But once on the observation deck, he went into a bathroom, tore off the suit to reveal a parachute underneath, dashed to the curled railing and climbed it.
But he was slowed down by security guard Kevin Downes, who had chased him from the bathroom, giving cops and other security personnel precious seconds to leap into action.
"He was resistant. He tried to push off with his feet. He was fighting with us to get off," said Timothy Donohue, a building manager.
One unidentified woman was so upset she thrust a fistful of cash at Corliss and tried to bribe him to come back.
Donohue and others finally got a good grip on Corliss' harness before cuffing him.
"He wasn't going without me and I really didn't want to go for the ride," said Donohue. "It's New York City, it's rush hour. It is not the time to jump off buildings."
ESU cops with bolt cutters eventually snapped the cuffs, removed a portion of the fence and pulled Corliss back to safety, ending a 15-minute struggle. He kept his latex mask on until it was clear the only way he was reaching terra firma was in an elevator.
Outside the building, Corliss was grinning like a fool as cops - who had rushed to the top terror target - hauled him away. Meanwhile, Downes was taken to Bellevue Hospital with head and ankle injuries.
Corliss charged last night with a number of crimes including reckless endangerment, assault and resisting arrest.
"I wouldn't describe him as a daredevil," said NYPD Deputy Inspector James McCarthy. "I would describe him as an individual who obviously showed a depraved indifference for human life.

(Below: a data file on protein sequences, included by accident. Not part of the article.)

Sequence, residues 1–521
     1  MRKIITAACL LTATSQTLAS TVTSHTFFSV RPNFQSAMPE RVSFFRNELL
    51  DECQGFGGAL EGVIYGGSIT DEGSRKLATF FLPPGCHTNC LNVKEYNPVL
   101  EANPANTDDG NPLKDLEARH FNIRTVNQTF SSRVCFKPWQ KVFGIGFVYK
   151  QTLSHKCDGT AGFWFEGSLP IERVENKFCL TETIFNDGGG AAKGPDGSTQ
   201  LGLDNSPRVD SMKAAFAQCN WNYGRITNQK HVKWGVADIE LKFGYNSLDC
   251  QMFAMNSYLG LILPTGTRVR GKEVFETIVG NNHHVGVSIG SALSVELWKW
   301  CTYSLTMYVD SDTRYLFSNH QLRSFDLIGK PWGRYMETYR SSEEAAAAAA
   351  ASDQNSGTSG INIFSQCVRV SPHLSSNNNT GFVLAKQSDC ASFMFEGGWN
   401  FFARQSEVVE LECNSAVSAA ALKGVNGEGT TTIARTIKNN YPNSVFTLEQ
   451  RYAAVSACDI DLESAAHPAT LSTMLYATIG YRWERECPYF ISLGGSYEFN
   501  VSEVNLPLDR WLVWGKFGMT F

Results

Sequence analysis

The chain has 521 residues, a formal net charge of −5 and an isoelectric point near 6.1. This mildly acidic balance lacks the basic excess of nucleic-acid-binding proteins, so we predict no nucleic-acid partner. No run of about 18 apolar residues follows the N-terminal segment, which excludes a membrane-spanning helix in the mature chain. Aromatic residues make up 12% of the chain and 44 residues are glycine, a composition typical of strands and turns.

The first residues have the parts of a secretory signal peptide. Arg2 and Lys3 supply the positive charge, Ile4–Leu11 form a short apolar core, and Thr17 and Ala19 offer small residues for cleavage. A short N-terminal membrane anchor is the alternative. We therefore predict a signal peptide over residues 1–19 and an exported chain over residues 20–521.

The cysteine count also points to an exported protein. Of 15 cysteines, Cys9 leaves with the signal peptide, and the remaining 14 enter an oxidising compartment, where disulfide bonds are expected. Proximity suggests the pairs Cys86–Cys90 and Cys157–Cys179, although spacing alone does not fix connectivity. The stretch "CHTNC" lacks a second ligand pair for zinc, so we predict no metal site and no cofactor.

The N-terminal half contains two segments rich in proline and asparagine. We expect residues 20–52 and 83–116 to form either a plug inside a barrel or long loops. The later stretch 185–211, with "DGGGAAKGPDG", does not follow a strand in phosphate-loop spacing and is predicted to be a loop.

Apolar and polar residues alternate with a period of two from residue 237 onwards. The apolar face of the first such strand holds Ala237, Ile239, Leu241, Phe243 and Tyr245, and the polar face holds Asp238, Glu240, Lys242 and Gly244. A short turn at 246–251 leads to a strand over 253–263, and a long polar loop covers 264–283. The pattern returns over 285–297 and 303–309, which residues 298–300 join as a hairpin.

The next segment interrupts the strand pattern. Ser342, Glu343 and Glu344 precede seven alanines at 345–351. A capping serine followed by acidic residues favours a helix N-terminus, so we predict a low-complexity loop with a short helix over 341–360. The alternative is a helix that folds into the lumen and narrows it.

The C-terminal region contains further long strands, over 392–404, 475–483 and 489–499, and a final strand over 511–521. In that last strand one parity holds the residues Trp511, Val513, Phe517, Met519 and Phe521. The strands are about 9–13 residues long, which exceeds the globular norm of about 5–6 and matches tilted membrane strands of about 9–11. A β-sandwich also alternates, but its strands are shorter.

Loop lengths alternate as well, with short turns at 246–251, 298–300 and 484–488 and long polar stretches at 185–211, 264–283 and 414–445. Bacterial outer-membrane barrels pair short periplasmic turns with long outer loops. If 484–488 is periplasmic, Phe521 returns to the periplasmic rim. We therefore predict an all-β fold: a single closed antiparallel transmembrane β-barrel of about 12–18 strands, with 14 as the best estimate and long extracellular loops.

"In the worst case scenario, his parachute doesn't open and he kills a number of people walking by."
Still, the afternoon drama at New York's tallest building gave visitors a show they'll never forget.
Dennis Hook, 68, an English tourist, said, he thought the nail-biting spectacle "was a joke at the beginning. There was someone in a King Kong suit walking around so it looked like a show. It was unbelievable."
Dutch tourists Edu De Neve, 57, his wife, Garda, and sons Mattijs, 27, and Guido, 25, were stunned by the sight of about 20 cops racing onto the observation deck to help subdue Corliss.
"It was something to see," said Garda De Neve, 57, shaking her head in wonder.
Although she had been reluctant to come to the U.S. due to terrorism fears and the incident yesterday was less than a treat for the Dutch family, she said of her first visit to New York, "I love it here."
Corliss is no stranger to risky business.
He's chuted off the Palace Hotel here, the Skylon Tower in Niagara falls as well as the giant Petronas Towers in Malaysia.
His antics on the Empire State may have been timed to bring attention to the 102-story building's 75th birthday Monday.
"It was absolutely unreal," said a visibly shaken Mark Skelton, who is chaperoning a high school band from Cleveland, Ga. on a visit here. "You'd never think this kind of thing would happen."
Skelton's daughter, Erin, 15, couldn't help but giggle: "I think it all was pretty cool."
The Empire State Building, which turns 75 Monday, has seen its share of triumph, tragedy - and stunts.
Here's a look at some key events:
MAY 1, 1931 - The world's tallest building opens, reaffirming American ingenuity in the depths of the Great Depression.
MARCH 2, 1933 - The blockbuster film "King Kong" seals the skyscraper's place in the world's imagination.
JULY 28, 1945 - A B-25 bomber plows into the 79th floor of the building in dense fog, killing 14 people.
APRIL 24, 1986 - Two British men parachute from the 86th floor observation deck. One got into a taxi, chute and all, but another was caught when he got snagged on a traffic light.
FEB. 23, 1997 - A gunman opens fire on the observation deck, killing one person and wounding six others before turning the weapon on himself.
OCT. 24, 1998 - Two daredevils escape after they parachute from the observation deck.
At least 35 people have killed themselves by plunging from the observation deck.